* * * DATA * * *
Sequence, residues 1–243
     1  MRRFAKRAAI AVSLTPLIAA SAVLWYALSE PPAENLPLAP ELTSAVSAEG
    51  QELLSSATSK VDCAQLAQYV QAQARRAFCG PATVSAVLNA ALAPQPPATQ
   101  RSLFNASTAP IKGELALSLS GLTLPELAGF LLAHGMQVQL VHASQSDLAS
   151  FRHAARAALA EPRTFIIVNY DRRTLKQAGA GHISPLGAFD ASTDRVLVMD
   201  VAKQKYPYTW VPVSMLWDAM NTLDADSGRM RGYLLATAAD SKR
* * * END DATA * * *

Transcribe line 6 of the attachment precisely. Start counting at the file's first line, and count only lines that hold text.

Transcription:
   201  VAKQKYPYTW VPVSMLWDAM NTLDADSGRM RGYLLATAAD SKR